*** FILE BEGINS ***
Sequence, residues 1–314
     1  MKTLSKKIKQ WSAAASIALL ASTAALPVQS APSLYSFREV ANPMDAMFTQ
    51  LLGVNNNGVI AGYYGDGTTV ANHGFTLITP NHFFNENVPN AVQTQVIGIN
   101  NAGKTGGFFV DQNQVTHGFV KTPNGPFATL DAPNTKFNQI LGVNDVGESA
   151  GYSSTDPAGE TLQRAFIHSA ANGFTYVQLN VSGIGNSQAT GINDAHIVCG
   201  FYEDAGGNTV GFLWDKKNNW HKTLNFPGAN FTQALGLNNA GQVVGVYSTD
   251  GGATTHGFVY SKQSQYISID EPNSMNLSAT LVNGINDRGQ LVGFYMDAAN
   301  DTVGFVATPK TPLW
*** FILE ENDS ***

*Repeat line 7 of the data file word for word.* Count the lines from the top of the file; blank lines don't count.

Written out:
   251  GGATTHGFVY SKQSQYISID EPNSMNLSAT LVNGINDRGQ LVGFYMDAAN